New Marquette Poll Has Scott Walker Up By 7 Points Over Tom Barrett
Republican governor slightly increases his lead over Democratic challenger in latest MU survey of likely voters.
**Updated 7 pm.
If Gov. Scott Walker can keep up his momentum going into Tuesday's recall election, the numbers indicate he will come out the winner over Milwaukee Mayor Tom Barrett.
A Marquette University Law School poll released Wednesday shows Walker leading by 7 points over Barrett - 52 percent to 45 percent - among likely voters. Two weeks ago, Walker led Barrett 50 percent to 44 percent in the Marquette poll.
Most of the 720 registered voters were interviewed before Friday’s first gubernatorial debate using landlines and cell phones and the results are taken from the answers of 600 likely voters. The margin of error is plus or minus 4.1 percentage points.
Another poll cited in the Washington Post is from Celinda Lake and was commissioned by the Greater Wisconsin Committee's political fund. Using results from an automated phone survey of 600 likely voters between May 24 and May 28, the numbers show Walker and Barrett in a tie at 49 percent each.
Marquette professor Charles Franklin cited Lake's poll as he compared other poll results to that of the Marquette Law School poll since January.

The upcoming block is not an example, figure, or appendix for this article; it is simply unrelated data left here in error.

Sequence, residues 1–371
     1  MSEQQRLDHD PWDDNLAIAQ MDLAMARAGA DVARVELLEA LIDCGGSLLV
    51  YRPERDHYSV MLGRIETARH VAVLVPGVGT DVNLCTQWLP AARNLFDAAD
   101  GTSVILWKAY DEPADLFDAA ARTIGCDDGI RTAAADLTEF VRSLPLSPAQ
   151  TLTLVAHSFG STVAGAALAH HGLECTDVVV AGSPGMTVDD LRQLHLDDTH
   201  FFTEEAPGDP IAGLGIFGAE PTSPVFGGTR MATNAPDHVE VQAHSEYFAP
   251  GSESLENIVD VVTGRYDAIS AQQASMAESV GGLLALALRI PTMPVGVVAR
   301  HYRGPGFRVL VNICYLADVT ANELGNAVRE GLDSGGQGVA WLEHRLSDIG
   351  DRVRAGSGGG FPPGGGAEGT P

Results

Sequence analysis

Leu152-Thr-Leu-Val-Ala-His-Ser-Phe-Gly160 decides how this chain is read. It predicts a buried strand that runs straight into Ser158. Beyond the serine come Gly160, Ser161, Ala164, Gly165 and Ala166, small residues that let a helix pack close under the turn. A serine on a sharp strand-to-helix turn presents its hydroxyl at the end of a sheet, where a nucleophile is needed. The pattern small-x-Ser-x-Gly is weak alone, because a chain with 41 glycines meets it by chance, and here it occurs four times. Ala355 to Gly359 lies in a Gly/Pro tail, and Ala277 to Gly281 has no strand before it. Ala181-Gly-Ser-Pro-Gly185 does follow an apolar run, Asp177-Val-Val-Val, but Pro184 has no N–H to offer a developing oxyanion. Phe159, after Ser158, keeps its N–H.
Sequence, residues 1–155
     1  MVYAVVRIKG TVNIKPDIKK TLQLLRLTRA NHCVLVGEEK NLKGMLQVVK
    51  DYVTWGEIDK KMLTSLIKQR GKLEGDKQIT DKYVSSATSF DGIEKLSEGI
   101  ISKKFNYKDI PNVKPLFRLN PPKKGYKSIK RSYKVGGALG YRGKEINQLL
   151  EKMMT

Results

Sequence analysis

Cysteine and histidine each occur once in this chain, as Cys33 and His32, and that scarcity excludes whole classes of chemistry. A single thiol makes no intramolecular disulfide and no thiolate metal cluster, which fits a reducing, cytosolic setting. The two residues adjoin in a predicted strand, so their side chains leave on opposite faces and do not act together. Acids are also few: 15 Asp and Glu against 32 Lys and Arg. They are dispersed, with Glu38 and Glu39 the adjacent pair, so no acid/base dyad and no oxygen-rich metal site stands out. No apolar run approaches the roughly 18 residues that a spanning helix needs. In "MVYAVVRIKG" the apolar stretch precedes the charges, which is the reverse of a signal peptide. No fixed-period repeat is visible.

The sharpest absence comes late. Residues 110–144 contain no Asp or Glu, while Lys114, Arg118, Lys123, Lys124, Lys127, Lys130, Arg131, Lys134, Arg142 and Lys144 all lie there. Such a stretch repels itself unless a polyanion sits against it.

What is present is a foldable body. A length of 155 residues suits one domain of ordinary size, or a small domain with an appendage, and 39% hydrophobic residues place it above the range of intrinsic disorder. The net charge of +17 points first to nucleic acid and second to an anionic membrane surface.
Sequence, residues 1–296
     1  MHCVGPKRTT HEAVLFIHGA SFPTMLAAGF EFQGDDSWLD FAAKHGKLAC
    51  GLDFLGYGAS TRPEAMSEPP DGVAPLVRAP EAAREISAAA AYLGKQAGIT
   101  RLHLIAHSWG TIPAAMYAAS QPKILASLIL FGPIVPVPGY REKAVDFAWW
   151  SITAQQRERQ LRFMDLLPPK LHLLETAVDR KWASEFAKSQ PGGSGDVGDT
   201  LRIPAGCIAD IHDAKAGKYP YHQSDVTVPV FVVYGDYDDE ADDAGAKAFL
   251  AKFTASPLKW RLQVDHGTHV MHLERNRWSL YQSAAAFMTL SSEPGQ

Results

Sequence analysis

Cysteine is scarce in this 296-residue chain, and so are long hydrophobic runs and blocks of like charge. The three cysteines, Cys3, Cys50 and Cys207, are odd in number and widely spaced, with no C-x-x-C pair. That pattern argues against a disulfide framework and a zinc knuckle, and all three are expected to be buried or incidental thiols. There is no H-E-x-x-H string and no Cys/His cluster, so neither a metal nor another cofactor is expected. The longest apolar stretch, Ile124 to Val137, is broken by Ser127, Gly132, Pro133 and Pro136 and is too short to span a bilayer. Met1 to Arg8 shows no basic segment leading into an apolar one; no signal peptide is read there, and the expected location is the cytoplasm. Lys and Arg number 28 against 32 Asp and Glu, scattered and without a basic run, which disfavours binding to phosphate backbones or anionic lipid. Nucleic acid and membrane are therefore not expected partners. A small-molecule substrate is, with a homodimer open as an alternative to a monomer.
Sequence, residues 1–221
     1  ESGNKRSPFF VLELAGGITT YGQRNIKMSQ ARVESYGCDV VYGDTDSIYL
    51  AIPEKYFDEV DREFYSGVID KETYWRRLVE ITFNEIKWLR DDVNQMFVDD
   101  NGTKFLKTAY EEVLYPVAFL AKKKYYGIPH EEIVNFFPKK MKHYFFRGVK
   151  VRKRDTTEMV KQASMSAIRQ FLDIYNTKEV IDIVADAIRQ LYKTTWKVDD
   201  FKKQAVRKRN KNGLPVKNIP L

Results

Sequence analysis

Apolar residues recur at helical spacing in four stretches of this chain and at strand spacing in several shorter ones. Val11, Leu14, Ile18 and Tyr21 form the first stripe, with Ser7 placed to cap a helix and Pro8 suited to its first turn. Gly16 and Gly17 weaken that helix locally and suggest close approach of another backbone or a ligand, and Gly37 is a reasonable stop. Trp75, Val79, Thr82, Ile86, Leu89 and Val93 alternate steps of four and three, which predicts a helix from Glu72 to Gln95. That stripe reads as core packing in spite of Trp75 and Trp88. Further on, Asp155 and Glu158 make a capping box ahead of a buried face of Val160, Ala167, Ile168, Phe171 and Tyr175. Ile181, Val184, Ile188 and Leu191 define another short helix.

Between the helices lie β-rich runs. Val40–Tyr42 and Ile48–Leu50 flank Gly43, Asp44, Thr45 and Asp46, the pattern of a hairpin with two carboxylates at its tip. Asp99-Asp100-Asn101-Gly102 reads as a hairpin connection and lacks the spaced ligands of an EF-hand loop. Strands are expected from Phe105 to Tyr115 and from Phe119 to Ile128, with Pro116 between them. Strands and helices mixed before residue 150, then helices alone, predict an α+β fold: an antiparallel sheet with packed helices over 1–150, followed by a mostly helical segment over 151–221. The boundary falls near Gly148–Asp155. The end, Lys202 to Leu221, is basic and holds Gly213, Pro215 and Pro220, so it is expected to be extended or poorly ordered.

"Up until two weeks ago, we had a flurry of polls," said Franklin, who oversaw Marquette's poll. "What's interesting to note is that Democratic polls, which are conducted by professional and respected pollsters, shows a tighter race, but not with their guy ahead."
The Marquette was released during edition of "On the Issues" with Franklin and WISN-TV's Mike Gousha.
Gousha asked Franklin to talk about jobs and how voters view the state's jobs situation.
"In the last two weeks, both campaigns are battling over jobs numbers," Gousha said. "Both sides claim their numbers are correct, so what did we find this time with jobs perception amongst respondents?"
Franklin noted that current events can drive the numbers. Two weeks ago, 20 percent said the state gained jobs; 38 percent said no change and 37 percent said the state lost jobs.
But since the new sets of numbers from both the Bureau of Labor Statistics and the quarterly figures were released, there's a jump in how voters see the state employment situation.
Now, 38 percent say we've gained jobs; 30 percent say we lost jobs; and 29 percent say there's been no change. Gousha pointed out the big jump in how many voters say the state has gained jobs.
"So, the numbers can depend on the messaging of the moment?" he asked.
"The jobs figures released impact responses," he said. "The numbers are certainly driving the commercials being aired."
Voters feel Walker is better at job creation, leading Barrett 48 percent to 41 percent two weeks ago and leading this week 50 percent to 43 percent.
Walker's approval numbers have barely moved since Marquette started their poll in January. The latest results put him at 51 percent approval rating vs. a 45 percent disapproval rating.
"The takeaway is how stable things have been over the year," Franklin pointed out. "We started in January at a 51-46 split, but today there’s hardly any change. Any dips are just sampling noise, but not representative of a big trend or movement."